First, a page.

BidiMirrored property and ancient scripts

Eli Zaretskii eliz at
Sun Jul 26 10:08:00 CDT 2015

> Date: Sat, 25 Jul 2015 22:15:40 +0100
> From: Richard Wordingham <richard.wordingham at>
> > > Mirroring is changing a glyph to suitable for reading in the other
> > > direction.
> >
> > Sorry, I disagree.
> >
> > > Note the following extract from BidiMirroring.txt in the
> > > Unicode Character Database:
> > >
> > > <quote>
> > > # The following characters have no appropriate mirroring character.
> > > # For these characters it is up to the rendering system
> > > # to provide mirrored glyphs.
> >
> > How's that a contradiction to what I said?
> U+2140 DOUBLE-STRUCK N-ARY SUMMATION gets mirrored, but its glyph is
> not replaced by any other character's glyph. Or are you claiming that
> left-to-right U+2140 and right-to-left U+2140 are two different
> characters?

I'm saying that "providing a mirrored glyph" entails coming up with a
character whose glyph can play that role, AFAIU.

If you are saying that the "rendering system" here is the shaping
engine using the rtlm OTF feature, then you are in fact saying that
the mirroring of these characters cannot be implemented with most
fonts in wide use today, and with most shaping engines.  That would be
a very strange claim, IMO, tantamount to saying that those characters
cannot, or don't need to, be mirrored at all in most use cases.

> > > > Thus, your reasons make no sense to me, because a character's
> > > > shape, any character's shape, be it L, R, AL, or anything else,
> > > > is immutable.
> > >
> > > So go back and reread.
> >
> > Did that; still no sense.
> Because you still seem not to understand the concept of mirroring.

I think you will fare much better, and actually stand a chance of
convincing you are right, if you assume your opponents do understand
the issues, and just happen to disagree about their interpretation, or
misinterpret what you write.

> It isn't just for characters that have a Bidi_Mirroring_Glyph
> property value other than <none>.

Only "in specialized contexts", like "historic scripts and associated
punctuation, private-use characters, and characters in mathematical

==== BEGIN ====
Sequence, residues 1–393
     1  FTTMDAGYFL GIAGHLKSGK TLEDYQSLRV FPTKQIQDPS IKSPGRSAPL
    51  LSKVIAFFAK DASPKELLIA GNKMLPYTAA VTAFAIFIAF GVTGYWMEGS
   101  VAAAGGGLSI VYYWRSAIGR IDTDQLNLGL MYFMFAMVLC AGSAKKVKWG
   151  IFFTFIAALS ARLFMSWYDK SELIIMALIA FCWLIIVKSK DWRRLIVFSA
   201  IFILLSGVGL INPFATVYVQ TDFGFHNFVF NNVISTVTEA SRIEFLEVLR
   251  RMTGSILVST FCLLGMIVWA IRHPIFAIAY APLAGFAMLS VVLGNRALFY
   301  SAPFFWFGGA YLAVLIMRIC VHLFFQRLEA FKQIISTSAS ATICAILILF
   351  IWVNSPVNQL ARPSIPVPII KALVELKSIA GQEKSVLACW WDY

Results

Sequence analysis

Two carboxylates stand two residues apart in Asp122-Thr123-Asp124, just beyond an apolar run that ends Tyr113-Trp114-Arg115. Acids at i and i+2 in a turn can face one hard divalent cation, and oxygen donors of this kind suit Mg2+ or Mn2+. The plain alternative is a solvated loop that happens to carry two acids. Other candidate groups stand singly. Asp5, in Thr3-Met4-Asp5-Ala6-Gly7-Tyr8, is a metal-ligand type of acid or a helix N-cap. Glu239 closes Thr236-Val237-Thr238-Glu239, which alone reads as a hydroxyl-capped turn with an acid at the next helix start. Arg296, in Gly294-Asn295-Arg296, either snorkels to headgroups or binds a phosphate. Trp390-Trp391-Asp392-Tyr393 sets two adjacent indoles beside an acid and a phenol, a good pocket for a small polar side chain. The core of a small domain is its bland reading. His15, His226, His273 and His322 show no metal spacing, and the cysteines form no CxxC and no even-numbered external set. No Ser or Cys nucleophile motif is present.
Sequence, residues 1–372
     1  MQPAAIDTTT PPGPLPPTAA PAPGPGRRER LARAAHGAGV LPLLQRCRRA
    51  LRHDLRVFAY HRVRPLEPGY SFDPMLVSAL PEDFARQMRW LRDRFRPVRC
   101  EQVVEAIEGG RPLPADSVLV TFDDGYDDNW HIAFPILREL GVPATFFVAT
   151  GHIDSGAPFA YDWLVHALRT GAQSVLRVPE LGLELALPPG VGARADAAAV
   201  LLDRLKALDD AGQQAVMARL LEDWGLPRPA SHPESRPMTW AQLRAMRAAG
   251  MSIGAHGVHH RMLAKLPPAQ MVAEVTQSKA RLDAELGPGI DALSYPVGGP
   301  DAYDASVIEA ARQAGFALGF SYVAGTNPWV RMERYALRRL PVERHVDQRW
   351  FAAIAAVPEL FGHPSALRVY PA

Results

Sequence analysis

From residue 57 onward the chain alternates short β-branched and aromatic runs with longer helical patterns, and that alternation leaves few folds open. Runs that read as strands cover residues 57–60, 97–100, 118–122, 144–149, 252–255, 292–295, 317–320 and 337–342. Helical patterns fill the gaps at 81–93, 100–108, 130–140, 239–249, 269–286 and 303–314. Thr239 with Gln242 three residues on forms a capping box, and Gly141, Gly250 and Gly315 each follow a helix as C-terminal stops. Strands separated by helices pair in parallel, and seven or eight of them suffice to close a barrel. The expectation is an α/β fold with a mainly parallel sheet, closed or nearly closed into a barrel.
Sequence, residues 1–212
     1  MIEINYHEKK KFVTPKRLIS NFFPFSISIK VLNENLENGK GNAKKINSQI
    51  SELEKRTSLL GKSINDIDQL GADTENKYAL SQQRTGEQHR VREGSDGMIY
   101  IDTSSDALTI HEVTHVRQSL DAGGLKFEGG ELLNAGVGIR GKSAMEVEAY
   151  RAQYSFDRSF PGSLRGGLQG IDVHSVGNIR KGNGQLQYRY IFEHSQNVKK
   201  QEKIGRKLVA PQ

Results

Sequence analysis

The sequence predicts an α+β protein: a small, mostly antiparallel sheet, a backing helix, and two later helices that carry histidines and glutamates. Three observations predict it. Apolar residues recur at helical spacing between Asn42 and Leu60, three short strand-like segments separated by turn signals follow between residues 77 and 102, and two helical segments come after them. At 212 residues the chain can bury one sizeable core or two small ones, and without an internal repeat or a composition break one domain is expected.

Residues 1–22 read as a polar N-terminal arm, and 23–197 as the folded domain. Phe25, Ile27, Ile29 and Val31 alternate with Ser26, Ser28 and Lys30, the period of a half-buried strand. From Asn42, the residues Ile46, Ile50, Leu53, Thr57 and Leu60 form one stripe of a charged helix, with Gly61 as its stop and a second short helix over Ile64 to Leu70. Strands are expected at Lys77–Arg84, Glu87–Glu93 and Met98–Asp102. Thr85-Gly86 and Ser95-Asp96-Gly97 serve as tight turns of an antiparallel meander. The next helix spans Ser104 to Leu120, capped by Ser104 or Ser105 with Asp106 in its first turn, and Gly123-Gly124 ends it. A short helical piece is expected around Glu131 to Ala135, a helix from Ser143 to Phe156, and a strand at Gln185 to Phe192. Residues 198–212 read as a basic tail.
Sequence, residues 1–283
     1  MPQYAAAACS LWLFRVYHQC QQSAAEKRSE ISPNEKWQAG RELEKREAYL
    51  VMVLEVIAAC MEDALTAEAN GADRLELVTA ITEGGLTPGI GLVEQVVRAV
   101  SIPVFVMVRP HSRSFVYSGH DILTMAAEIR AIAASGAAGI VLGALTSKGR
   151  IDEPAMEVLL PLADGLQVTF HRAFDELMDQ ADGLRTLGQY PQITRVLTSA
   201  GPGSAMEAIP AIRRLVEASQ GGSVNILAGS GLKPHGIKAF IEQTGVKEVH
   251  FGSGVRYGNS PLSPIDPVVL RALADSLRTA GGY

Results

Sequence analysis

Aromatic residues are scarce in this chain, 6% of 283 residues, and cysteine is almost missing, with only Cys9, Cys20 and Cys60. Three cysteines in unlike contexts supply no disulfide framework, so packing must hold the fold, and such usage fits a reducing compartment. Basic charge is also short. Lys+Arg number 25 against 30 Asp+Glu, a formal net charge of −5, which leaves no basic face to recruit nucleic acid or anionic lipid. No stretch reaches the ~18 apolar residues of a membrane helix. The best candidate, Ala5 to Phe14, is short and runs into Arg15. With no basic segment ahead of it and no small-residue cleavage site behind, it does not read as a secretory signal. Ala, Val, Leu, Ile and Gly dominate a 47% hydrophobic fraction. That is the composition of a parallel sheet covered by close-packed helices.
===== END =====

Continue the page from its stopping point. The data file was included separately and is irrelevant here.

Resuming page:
expressions" (I believe the latter is only happening in Arabic
context, if it ever does).  IOW, in extremely rare and marginal use
cases.  And all that is only in HL6, which is really a fire escape
meant for applications whose scope is beyond simple text.  That's a
far cry from boustrophedon, which was the trigger for most of this
exchange.  In all other cases:

  L4. A character is depicted by a mirrored glyph if and only if (a)
  the resolved directionality of that character is R, and (b) the
  Bidi_Mirrored property value of that character is Yes.

That's normative and unequivocal.

> > > > > However, one needs the UBA to sort out the rendering of the
> > > > > parentheses in the Hebrew text.
> > >
> > > > Not really, you can short-cut it, the same as in strictly
> > > > left-to-right text.
> > >
> > > It's the UBA that mandates that the opening and closing parentheses
> > > be rendered like right and left parentheses respectively rather
> > > than like left and right parentheses.
> >
> > Mirroring comes after layout in the UBA, as you pointed out, and the
> > short-cuts I mentioned are about layout, not about mirroring.
> So irrelevant.

No, not irrelevant.  You can sort out rendering of parentheses in such
text without applying the BPA, just by considering the parentheses as
neutrals.  That's one shortcut I alluded to.

> I take it we now agree that the right shape for the parentheses for the
> unidirectional right-to-left example is derived by the UBA.

The mirroring is dictated by the UBA, yes.  But that just delineates
the difference between boustrophedon and bidirectional text, the
latter being subject to the UBA, while the former isn't.

> > > > > Indeed, one may rely on the bidi algorithm to declare the Latin
> > > > > example unidirectional.
> > > >
> > > > One might, but to what purpose and goal?
> > >
> > > A right-to-left paragraph consisting of the two characters "(a"
> > > would be bidirectional and have a parenthesis on the right; a
> > > left-to-right paragraph with the same content would have a
> > > parenthesis on the left.
> If there is no higher-level protocol in effect, the 'first strong
> character' rule (Rules P2 and P3 of the UBA) declares that the
> paragraph will be a left-to-right paragraph and will look
> like "(a". Had it been declared a right-to-left paragraph by a
> higher-level protocol, it would look like "a)". Thus the UBA has a
> rôle even for unidirectional left-to-right text.

Once the paragraph direction is overridden by a higher-level protocol,
the text is no longer unidirectional.  Such overriding is equivalent
to enclosing the paragraph in RLE..PDF pair, which makes the text
bidirectional by definition.

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